"We don't know the geology under the spill site. BP has never publicly released geological cross-sections of the seabed and underlying rock. BP's Initial Exploration Plan refers to "structure contour maps" and "geological cross sections", but all detailed geological information, maps and drawings have been designated "proprietary information" by BP, and have been kept under wraps.

However, Roger Anderson and Albert Boulanger of Columbia University's Lamont-Doherty Earth Observatory describe the basic geology of the oil-rich region of the Gulf:

Production in the deepwater province is centered in turbidite sands recently deposited from the Mississippi delta. Even more prolific rates have been recorded in the carbonates of Mexico, with the Golden Lane and Campeche reporting 100,000 barrel per day production from single wells. However, most of the deep and ultra-deepwater Gulf of Mexico is covered by the Sigsbee salt sheet that forms a large, near-surface “moonscape” culminating at the edge of the continental slope in an 800 meter high escarpment."

"in 1987, MMS estimated that there were 9 billion barrels of oil in the Gulf of Mexico. By 2007, once drilling had begun in deeper waters, MMS had revised its estimate upward to 45 billion".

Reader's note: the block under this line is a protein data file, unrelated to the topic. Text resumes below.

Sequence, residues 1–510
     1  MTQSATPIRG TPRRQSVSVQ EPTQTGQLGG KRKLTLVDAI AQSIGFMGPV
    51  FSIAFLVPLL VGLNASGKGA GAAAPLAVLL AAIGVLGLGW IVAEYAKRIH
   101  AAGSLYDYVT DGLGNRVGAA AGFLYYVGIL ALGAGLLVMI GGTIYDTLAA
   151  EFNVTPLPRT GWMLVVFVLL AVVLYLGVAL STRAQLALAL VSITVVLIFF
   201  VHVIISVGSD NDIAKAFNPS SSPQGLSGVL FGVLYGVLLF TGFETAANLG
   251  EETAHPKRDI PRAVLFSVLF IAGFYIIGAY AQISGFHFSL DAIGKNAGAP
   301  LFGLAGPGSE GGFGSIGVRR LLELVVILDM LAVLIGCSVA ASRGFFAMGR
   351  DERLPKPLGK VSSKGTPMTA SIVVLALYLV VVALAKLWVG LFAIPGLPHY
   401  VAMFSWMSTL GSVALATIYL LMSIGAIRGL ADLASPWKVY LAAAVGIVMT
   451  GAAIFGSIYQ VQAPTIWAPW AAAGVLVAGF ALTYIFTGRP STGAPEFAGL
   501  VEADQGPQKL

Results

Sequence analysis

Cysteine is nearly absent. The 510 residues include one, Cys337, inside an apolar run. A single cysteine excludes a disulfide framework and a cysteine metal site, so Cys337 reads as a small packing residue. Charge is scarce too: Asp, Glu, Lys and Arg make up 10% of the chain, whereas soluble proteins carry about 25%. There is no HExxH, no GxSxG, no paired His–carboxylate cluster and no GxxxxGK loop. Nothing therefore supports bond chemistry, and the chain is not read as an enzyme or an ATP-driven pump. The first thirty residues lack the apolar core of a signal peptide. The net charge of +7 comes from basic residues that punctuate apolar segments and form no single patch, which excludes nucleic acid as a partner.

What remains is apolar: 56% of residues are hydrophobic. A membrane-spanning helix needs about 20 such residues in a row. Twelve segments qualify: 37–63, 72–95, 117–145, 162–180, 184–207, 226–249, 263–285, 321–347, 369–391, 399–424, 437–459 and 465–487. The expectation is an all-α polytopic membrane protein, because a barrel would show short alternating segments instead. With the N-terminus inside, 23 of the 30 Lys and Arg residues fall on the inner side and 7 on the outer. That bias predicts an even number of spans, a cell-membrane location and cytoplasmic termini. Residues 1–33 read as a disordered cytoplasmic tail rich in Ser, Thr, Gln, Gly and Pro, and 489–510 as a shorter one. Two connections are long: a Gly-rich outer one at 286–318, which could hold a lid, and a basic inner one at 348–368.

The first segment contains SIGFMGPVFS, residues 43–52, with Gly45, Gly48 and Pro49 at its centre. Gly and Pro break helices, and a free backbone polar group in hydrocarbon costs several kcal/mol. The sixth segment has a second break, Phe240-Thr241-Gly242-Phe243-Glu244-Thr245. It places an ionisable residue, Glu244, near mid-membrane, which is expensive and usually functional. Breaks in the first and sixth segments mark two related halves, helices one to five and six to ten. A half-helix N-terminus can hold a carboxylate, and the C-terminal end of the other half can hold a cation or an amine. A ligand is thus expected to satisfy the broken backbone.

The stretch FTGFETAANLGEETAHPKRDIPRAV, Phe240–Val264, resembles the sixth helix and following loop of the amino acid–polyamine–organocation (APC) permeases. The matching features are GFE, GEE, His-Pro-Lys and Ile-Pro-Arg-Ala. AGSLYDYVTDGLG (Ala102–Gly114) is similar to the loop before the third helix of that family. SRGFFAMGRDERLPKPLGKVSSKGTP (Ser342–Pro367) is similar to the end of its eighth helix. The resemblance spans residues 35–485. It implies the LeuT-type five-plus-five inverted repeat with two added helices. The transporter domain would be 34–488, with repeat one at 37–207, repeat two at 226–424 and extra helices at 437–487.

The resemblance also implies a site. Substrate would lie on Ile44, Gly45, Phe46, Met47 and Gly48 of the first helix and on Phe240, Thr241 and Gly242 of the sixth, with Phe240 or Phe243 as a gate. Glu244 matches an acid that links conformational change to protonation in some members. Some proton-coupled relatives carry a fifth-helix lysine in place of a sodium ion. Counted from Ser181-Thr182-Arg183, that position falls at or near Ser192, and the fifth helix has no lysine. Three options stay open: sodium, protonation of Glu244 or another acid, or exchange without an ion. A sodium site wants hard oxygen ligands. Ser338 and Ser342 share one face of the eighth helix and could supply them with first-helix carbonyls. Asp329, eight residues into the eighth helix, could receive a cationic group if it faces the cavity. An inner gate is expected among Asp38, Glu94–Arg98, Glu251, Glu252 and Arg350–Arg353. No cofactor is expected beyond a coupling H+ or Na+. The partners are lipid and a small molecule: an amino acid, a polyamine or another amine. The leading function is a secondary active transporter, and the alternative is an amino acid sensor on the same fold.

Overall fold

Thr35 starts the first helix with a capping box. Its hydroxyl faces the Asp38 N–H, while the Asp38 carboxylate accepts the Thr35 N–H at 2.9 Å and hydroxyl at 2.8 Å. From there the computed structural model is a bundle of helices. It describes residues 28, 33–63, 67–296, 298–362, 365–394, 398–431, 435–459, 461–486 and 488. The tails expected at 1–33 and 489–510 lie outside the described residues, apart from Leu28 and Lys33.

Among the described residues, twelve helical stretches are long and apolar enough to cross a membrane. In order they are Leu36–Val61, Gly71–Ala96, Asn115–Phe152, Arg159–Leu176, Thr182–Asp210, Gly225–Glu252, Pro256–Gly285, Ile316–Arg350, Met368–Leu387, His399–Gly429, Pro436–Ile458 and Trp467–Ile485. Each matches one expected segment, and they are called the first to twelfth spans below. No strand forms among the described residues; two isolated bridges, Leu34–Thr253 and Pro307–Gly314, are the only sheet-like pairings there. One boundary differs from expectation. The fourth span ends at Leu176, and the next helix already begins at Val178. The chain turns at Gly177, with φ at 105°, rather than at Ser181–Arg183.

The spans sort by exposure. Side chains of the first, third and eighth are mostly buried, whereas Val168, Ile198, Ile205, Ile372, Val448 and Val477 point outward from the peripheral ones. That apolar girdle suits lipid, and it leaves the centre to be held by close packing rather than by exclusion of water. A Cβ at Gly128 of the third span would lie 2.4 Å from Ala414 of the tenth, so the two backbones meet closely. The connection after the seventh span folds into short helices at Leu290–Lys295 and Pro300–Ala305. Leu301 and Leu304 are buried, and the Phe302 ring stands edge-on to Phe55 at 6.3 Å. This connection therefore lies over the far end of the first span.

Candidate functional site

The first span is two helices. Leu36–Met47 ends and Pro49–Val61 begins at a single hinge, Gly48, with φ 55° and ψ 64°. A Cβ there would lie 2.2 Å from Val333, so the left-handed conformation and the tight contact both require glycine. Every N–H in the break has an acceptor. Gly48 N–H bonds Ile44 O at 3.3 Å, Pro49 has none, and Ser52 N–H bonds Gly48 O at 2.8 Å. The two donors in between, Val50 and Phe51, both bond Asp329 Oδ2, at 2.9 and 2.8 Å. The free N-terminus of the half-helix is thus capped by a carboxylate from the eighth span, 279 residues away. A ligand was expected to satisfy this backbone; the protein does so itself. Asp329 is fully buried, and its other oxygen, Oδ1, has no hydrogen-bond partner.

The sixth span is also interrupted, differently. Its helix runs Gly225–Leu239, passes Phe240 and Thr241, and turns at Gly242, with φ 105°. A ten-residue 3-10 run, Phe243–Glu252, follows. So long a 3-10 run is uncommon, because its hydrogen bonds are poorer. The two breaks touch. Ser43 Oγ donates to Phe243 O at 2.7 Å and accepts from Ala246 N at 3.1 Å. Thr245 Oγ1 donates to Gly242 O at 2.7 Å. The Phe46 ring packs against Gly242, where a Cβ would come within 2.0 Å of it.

Apparently, most of the undersea is one large sheet of oil underneath the sediment which isn't a bad thing, but it is also right up to the edges of the cliff faces. It's almost too vast to comprehend.



posted on Jun, 23 2010 @ 09:27 AM
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reply to post by JustMike
 


I feel the same way. The scenario reminds me of a similar event that occurs on mountainsides during a heavy rain. The ground can become so wet, that the cohesion of the soil breaks down. The only way to go is down, in a mudslide. We're not seeing this situation duplicate on the seabed, but similarly, the erosion is coming from inside the seabed (basically in a 'quicksand' tpe viscosity forming in various pockets). I'm pretty sure the pressures are wobbling back and forth, while still seeking the path of least resistance. After pinpointing the location of the Horizon site on a geographical map of the gulf, it appears that the gusher is essentiallly sitting on the edge of the abyss of the continental shelf, and underneath the site is a half mile deep cliff face which is probably starting to bulge southward.